A ceasefire brokered by Russia and the United States took effect in Syria at sundown Monday, despite scepticism over how long the truce in the five-year conflict would hold.
The initial 48-hour truce came into force at 7:00 pm local time (1600 GMT) across Syria except in areas held by jihadists like the Islamic State group.
AFP correspondents in Syria's devastated second city Aleppo, divided between a rebel-held east and regime-controlled west since mid-2012, said fighting appeared to have stopped as the ceasefire took effect.
A final rocket was fired from the east into government areas just five minutes before 7:00 pm, while rebel neighbourhoods had not been hit by bombardments for about two hours, they said.
The Syrian Observatory for Human Rights monitoring group said it was "quiet" on nearly all fronts.
"I was checking the time all day, waiting for it to turn 7:00," said Khaled al-Muraweh, a 38-year-old shopkeeper in the Furqan district of western Aleppo.
"I hope the ceasefire holds so I can see my brother who lives in the opposition-held part of the city."
In Aleppo's east, residents roamed the streets to celebrate the start of the Muslim holiday of Eid al-Adha.
"This was the calmest day since I got married a week ago," said Shadi Saber, 26, as he waited for a shave at the barber shop.
Syria's armed forces immediately announced a seven-day "freeze" on military operations, but opposition forces have yet to formally sign on.
The deal's fragility was underscored just hours before sundown when President Bashar al-Assad vowed to retake the whole country from "terrorists".
- 'We aren't very hopeful' -
The agreement, announced Friday after marathon talks between Russia and the US, has been billed as the best chance yet to halt Syria's five-year war, which has left 290,000 people dead.
Under the deal, fighting will halt across areas not held by jihadists and aid deliveries to besieged areas will begin, with government and rebel forces ensuring unimpeded humanitarian access to Aleppo in particular.
Rebels broke a regime siege of the east in August but Assad loyalists restored the blockade on September 8.
The ceasefire will be renewed every 48 hours and, if it holds for a week, Moscow and Washington will begin unprecedented joint targeting of jihadist forces.
Many in the Pentagon are deeply uneasy about the proposed collaboration, with one defence official saying "the proof will be in the pudding."
Senior Russian military official Sergei Rudskoi said the "cessation of hostilities is being resumed across all the territory of Syria".
Signup to our newsletter and follow us on Facebook and Twitter!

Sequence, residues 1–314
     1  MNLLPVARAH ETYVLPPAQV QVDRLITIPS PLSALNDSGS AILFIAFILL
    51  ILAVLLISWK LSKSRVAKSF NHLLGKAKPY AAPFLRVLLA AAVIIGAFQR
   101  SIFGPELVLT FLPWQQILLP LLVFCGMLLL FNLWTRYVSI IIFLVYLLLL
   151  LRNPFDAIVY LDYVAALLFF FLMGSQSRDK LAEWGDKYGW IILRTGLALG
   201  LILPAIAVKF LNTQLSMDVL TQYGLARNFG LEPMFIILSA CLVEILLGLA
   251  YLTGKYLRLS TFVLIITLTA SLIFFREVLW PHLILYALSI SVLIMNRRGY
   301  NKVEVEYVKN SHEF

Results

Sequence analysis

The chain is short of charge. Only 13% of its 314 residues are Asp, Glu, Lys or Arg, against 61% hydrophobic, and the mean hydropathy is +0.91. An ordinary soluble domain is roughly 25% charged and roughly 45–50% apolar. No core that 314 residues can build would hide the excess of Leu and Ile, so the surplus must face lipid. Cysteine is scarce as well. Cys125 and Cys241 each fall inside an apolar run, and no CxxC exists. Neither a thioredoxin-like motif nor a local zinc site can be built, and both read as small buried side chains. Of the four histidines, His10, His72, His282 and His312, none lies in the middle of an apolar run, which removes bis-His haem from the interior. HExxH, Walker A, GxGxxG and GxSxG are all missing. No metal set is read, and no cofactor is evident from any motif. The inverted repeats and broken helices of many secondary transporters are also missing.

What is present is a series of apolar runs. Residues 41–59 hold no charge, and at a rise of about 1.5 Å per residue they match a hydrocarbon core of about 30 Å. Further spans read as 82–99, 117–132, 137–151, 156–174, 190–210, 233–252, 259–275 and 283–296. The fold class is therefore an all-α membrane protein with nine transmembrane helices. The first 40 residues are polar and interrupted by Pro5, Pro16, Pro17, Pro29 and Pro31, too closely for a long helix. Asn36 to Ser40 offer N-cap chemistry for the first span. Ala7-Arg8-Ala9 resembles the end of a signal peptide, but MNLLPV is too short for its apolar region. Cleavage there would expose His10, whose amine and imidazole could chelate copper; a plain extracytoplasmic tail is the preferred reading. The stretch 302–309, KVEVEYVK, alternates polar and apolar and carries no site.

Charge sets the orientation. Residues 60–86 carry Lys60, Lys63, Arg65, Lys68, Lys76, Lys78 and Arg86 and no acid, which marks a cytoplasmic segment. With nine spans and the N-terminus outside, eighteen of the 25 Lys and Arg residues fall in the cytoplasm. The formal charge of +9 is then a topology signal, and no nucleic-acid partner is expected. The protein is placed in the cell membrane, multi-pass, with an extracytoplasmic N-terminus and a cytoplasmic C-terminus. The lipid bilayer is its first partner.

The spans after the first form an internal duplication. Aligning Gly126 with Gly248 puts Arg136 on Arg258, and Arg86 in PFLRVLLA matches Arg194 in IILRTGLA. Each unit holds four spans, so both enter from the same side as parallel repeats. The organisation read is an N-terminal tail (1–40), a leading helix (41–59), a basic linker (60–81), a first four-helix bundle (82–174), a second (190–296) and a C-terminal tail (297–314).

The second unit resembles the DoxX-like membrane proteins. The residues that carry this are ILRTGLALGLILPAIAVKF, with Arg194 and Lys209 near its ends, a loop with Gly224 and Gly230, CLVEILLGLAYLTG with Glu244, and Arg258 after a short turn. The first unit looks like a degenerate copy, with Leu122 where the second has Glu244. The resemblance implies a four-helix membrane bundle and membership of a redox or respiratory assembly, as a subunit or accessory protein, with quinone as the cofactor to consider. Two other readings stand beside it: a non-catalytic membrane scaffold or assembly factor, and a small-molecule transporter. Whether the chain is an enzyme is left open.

But Moscow would "continue to carry out strikes against terrorist targets", he said.
Russia's deputy foreign minister, Mikhail Bogdanov, told state-run media that UN special envoy Staffan de Mistura could be inviting parties to new peace talks "at the very beginning of October".
Just before the truce came into force, the Observatory reported three people killed in regime shelling on the rebel town of Douma near Damascus and another 13 killed in unidentified raids in Idlib province.
Bombardment rocked the central town of Talbisseh all day, an activist there said, finally quieting down as the truce came into effect.
"We spent Eid in our bomb shelters and basements today," said Hassan Abu Nuh, referring to the Muslim feast.
"For the past half hour, we haven't heard anything, but we aren't very hopeful... For Eid, I'm just planning on staying alive."
- Rebels demand 'guarantees' -
But Syria's opposition and rebels remain deeply sceptical and have yet to endorse the deal.
Salem al-Muslet, spokesman for the High Negotiations Committee opposition umbrella group demanded "guarantees" on which rebel groups would be targeted.
Rebels on Sunday sent a letter to Washington saying they would "deal positively with the idea of the ceasefire" but listed several "concerns" and stopped short of a full endorsement.
"The clauses of the agreement that have been shared with us do not include any clear guarantees or monitoring mechanisms... or repercussions if there are truce violations," they said.
Ahmad al-Saoud, who heads the US-backed Division 13 rebel group which signed the letter, said they had received no response.
Late Monday, the Istanbul-based opposition National Coalition said efforts to alleviate suffering were "a positive step," but reiterated the rebel call for "clear monitoring mechanisms" for the truce.
A crucial part of the deal calls for rebels to distance themselves from the jihadist Fateh al-Sham Front -- previously known as Al-Nusra Front -- before joint US-Russian operations begin.
But Fateh al-Sham cooperates closely with many of Syria's rebels, including the powerful Ahrar al-Sham faction, which on Sunday issued a scathing condemnation of the Russian-US deal.
Syria's government and its allies including Iran and Lebanon's Hezbollah movement have backed the truce.
But on Monday, Assad made clear he was intent on recapturing all of Syria.
"The Syrian state is determined to recover every area from the terrorists," he said as he toured Daraya, a former rebel stronghold that surrendered last month after a four-year government siege.
"The armed forces are continuing their work, relentlessly and without hesitation, regardless of internal or external circumstances," he said.